A call to the profession as Hospital Pharmacists unite to Close the Gap
The Society of Hospital Pharmacists of Australia (SHPA) is marking 2022’s Closing the Gap Day tomorrow with the publication of an open letter calling for hospital pharmacy leaders to start and support conversations around culturally safe care, while announcing a new training program focused on embedding cultural safety in the workplaces of all Australian Hospital Pharmacists and Technicians.
In the open letter to the profession – Are you aware of your leadership responsibilities in ensuring a culturally safe workplace? – the Leadership Committees of SHPA’s Aboriginal and Torres Strait Islander Health, Rural and Remote Health and Leadership and Management streams call for the Closing the Gap message of pledging support for achieving Indigenous health equity by 2030 to be a year-round focus, including through embedding tangible steps in professional development planning.
‘How do you, as a leader, ensure that your workplace is a culturally safe environment for those who identify as Aboriginal and Torres Strait Islander People, and for those of diverse cultural and linguistic backgrounds?’ ask co-authors Aleena Williams, Susan Trevillian and Russell Hill in the joint open letter, in questions posed to current and emerging hospital pharmacy leaders.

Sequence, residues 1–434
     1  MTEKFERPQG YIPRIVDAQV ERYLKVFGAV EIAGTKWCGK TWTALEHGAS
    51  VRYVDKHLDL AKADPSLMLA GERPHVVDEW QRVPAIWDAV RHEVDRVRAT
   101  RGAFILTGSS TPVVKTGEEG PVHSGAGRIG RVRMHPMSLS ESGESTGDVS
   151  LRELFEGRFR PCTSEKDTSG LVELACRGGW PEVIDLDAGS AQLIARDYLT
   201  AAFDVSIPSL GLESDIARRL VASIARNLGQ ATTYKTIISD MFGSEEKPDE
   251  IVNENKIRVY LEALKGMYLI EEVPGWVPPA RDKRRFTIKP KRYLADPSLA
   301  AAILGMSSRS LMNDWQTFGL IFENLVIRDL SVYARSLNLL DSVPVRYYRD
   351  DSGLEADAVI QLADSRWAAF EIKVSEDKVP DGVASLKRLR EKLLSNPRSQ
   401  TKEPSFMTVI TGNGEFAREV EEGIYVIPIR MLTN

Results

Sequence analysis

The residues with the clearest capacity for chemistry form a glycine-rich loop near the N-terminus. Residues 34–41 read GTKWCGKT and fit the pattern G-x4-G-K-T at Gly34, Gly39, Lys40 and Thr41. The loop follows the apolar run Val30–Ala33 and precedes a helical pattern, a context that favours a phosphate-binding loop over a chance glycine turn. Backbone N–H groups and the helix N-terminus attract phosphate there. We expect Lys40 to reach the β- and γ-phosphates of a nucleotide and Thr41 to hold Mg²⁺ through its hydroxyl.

‘Amongst those you consider your mentors, is there someone from whom you’ve gained knowledge and understanding of cultural issues that affect your patients, your team members or your workplace?’
‘Whether you’re newer to this conversation or continuing your journey, consider making [cultural safety] action items part of this year’s CPD plan.
‘National Closing the Gap Day on 17 March 2022 is a national day of action to pledge support for achieving Indigenous health equality by 2030. Why not mark this day with your team, this year and every year? Attend or host an event, pledge to close the health and life expectancy gap experienced by Aboriginal and Torres Strait Islander People, and find out more via ANTaR.’
SHPA Chief Executive Kristin Michaels says the cultural gap between Aboriginal and Torres Strait Islander peoples and non-Indigenous Australians persists due to a lack of cross-cultural communication, education and awareness.
‘Education provides the opportunity to increase understanding of Indigenous cultures among non‑Indigenous Australians and develop the skills to become culturally competent at both a personal and professional level, which is key to bringing down barriers to safe and equitable patient care and workplaces.
‘We’re pleased to announce Indigenous Allied Health Australia’s (IAHA) Cultural Responsiveness Training, with 12 months access for all SHPA members to online modules tailored to Australian healthcare workers, will be available in early April.
‘The program has been developed as a starting point to make individuals more culturally aware and workplaces a culturally safe and responsive environment.’